THE BRITISH government has earmarked over £600,000 for the University College, London (UCL), to carry out an in-depth study to measure how monies accrued from the slave trade were spent.
The study will look into those British companies and institutions established from the profits of slavery. The government has said that the study should highlight how the owners were involved and how they contributed to the provision of social services.
University of the West Indies (UWI) professor of history, Verene Shepherd, has hailed the development as encouraging.
"This major project has the potential to add strong support to the reparation movement," Shepherd said.
She added: "It will place the matter of culpability for African enslavement - that great crime against humanity - squarely on the table and will allow an unambiguous naming of those who benefited from the labour and productive skills of enslaved Africans in the Caribbean."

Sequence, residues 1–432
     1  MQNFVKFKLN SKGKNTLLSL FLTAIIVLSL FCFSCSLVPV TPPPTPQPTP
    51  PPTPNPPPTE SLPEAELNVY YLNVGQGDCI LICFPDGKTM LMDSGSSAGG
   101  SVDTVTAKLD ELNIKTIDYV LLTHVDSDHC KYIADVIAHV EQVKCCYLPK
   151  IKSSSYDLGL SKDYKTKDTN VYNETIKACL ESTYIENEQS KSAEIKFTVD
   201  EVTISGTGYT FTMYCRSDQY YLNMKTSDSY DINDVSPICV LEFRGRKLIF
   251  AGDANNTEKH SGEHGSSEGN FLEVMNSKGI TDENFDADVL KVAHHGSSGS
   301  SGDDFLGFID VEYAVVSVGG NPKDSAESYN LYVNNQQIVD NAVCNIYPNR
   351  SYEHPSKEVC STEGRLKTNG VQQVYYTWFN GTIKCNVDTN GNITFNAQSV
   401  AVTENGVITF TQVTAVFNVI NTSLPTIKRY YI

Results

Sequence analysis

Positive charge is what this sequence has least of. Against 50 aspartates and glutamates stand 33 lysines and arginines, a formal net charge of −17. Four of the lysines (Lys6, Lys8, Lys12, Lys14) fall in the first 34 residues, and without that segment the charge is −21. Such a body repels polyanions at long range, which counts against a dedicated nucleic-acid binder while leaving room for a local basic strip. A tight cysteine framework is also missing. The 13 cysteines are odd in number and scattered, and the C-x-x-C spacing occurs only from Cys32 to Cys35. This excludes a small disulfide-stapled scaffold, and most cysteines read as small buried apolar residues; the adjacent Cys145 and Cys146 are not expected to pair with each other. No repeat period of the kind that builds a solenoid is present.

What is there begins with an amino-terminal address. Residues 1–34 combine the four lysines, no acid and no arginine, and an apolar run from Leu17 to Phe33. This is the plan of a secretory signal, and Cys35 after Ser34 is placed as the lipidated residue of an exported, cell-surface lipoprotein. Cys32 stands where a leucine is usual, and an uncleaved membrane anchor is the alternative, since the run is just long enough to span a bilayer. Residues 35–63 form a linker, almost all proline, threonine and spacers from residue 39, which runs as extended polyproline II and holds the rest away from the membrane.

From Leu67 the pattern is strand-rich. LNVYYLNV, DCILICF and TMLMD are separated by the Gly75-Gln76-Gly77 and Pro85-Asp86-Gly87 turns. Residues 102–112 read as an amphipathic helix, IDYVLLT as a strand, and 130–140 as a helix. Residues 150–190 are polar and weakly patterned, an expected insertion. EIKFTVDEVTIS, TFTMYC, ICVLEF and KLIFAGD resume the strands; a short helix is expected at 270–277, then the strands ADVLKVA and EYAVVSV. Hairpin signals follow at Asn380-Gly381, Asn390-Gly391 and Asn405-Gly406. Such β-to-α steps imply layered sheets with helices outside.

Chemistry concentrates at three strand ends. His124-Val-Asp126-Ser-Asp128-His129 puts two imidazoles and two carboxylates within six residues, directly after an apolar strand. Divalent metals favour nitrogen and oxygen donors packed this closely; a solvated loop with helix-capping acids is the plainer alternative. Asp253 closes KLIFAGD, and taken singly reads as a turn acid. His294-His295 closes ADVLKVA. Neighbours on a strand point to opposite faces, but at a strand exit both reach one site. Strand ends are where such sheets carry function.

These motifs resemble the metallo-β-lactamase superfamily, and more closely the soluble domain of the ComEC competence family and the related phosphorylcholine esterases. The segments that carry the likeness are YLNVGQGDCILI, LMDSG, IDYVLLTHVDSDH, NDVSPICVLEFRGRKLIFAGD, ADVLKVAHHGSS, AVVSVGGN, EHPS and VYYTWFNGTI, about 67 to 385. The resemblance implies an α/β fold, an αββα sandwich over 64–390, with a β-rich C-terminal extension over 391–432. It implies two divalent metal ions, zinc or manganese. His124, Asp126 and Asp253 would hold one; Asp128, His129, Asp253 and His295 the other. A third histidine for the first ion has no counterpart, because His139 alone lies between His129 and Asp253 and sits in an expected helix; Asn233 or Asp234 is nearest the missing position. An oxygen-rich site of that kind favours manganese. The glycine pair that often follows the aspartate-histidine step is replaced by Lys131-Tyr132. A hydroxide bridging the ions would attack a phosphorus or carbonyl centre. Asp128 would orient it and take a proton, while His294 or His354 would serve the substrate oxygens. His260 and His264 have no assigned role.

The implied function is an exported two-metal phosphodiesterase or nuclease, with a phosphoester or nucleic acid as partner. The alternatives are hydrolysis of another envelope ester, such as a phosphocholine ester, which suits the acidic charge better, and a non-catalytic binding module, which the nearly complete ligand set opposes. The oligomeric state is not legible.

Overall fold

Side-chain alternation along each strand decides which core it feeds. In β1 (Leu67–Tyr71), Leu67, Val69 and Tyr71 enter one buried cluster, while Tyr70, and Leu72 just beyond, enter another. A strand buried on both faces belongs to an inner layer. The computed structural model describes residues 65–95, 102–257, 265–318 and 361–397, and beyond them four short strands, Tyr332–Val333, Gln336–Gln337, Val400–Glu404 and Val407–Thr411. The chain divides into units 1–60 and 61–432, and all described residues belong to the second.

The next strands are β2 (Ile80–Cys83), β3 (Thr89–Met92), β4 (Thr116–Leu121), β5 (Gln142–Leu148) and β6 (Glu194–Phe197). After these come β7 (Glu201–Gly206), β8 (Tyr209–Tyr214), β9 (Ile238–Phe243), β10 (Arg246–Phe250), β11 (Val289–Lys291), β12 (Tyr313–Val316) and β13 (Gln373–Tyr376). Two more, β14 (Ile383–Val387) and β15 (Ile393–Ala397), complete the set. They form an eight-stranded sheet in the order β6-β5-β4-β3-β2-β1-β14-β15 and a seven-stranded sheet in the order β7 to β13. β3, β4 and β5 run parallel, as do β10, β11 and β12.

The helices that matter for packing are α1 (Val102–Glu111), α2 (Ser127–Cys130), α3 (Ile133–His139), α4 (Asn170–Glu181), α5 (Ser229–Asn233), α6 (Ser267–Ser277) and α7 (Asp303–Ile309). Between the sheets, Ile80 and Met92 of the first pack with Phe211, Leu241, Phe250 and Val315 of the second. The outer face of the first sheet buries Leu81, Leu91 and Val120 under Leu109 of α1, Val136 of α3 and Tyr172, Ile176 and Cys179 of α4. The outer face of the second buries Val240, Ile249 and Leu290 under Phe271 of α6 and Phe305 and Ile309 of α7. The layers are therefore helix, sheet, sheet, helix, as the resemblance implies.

Meanwhile, another UWI professor, Barry Chevannes, who is chairman of the National Commission on Reparations, told The Sunday Gleaner that he was looking forward to the research.
"It is an exciting piece of research. It is the kind of study which will certainly enrich the work of the commission and something that we will be very interested in," Chevannes told The Sunday Gleaner.
But Government minister Mike Henry, a champion in the fight for reparation, is not salivating at the grant by the British government to research the beneficiaries of the slave trade.
"It is a sleight-of-hand approach," Henry told The Sunday Gleaner.
"They already know who are the beneficiaries of the slave trade. They have enough material to show who benefited. This money should go towards paying the descendants of the slaves, rather than studying to escape the responsibility, or to reduce what they must be asked to pay," Henry added.
Henry said that up to last week, he discussed the matter with an international lawyer and he intended to pursue the issue of slavery and reparation at the International Court of Justice.